EU Procedural Law Study: Mutual Trust General Report published by European Commission

28 September 2017

Today, the first strand of the Max Planck Luxembourg procedural law study has been published by the European Commission on the EU Law and Publications portal. The study is the most comprehensive, empirically-driven comparative investigation of civil procedure in Europe to date. Building on an extensive dataset comprising hundreds of interviews and responses to a multi-language online survey, the Report offers an exhaustive overview of the similarities and differences of civil procedure in all EU Member States, and their impact on the recognition and enforcement of judgments. The Report will be of interest for all practitioners, academics and policymakers with a focus on judicial cooperation and civil justice.

The study is the result of a collective effort coordinated by the Max Planck Institute Luxembourg and involving a high-profile Consortium of European Universities and academics, conducting an in-depth comparative evaluation study of national procedural laws and practices. The study proceeds in two strands: the first strand considers the effect of divergences in national procedural laws on mutual trust and the free circulation of judgments, while the second one analyses the impact of the same factors on the equivalence and effectiveness of the procedural protection of consumers under EU consumer law.

The Report, edited by Prof. Burkhard Hess, comprises five Chapters. Chapter 1, authored by Prof. Fernando Gascón Inchausti (Complutense University Madrid) and Prof. Marta Requejo Isidro (Max Planck Institute Luxembourg) provides an extensive overview of the typical development of a cross-border case at the first instance. Chapter 2, authored by Prof. Paul Oberhammer and his team (University of Vienna), deals with the scenario of default proceedings and judgments. Chapter 3, authored by Prof. Gilles Cuniberti (University of Luxembourg) and Prof. Eva Storskrubb (University of Uppsala) addresses provisional measures. Chapter 4, authored by Prof. Christoph Kern (Heidelberg University) and Prof. Karol Weitz (University of Warsaw and Polish Supreme Civil Court) analyses appellate proceedings. Finally Chapter 5, authored by Prof. Xandra Kramer (Erasmus University Rotterdam), considers the specific instruments of EU procedural law.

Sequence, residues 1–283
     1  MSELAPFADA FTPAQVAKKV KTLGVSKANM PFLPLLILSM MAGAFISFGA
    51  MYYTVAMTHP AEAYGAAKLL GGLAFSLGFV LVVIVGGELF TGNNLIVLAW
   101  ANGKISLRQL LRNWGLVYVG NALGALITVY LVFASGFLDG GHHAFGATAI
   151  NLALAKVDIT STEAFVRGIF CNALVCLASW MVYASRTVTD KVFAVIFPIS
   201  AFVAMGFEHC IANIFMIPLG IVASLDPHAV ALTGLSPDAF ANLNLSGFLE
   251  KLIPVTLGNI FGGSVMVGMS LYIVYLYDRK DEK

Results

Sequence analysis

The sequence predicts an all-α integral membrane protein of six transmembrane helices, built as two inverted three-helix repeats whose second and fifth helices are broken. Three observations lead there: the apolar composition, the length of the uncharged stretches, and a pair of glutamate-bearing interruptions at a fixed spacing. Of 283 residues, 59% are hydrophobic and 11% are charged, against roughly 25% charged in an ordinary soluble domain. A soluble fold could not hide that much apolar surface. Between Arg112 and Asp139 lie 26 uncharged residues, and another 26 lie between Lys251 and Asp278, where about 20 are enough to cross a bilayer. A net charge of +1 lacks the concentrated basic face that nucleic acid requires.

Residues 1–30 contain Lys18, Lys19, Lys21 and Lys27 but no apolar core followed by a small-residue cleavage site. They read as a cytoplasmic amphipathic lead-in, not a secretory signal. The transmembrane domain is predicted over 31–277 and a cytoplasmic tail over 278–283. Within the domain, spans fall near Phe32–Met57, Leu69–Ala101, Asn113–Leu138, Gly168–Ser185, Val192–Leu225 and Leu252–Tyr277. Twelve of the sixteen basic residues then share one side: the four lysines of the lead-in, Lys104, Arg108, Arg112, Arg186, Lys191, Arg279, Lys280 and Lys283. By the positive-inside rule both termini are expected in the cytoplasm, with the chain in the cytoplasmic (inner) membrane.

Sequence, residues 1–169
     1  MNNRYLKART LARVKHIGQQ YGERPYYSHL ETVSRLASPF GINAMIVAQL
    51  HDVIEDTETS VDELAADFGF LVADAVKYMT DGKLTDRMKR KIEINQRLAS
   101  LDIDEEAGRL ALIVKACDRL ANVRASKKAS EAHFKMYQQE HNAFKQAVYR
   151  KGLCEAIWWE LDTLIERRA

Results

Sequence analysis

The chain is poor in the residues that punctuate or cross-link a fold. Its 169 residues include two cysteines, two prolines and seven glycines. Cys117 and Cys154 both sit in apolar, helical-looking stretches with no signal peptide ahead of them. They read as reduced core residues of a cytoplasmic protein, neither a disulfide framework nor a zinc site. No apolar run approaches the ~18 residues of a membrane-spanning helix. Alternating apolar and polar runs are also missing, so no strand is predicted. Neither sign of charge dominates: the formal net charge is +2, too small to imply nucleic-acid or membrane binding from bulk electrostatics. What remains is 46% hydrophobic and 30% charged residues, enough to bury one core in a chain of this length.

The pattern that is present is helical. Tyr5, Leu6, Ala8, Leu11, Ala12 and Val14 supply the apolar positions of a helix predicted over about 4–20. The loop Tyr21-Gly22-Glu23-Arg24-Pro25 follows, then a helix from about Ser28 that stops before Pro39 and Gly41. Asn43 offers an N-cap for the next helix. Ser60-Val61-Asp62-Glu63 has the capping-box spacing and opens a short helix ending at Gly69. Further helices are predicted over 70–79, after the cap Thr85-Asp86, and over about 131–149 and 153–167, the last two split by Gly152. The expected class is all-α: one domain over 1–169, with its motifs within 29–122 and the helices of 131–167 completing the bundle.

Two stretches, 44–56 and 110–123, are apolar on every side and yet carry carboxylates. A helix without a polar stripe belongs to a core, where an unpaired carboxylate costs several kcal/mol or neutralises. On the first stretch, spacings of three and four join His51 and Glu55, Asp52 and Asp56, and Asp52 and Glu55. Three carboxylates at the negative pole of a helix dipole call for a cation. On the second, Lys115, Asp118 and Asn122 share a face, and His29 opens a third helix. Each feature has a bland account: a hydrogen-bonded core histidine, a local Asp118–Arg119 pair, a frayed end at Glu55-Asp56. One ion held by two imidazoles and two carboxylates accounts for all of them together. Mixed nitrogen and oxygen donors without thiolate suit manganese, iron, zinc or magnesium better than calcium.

The study can be accessed and downloaded free of charge at this URL:

The General Reporters and the National Reporters are currently working on an extended version of their drafts, which will be published in book form.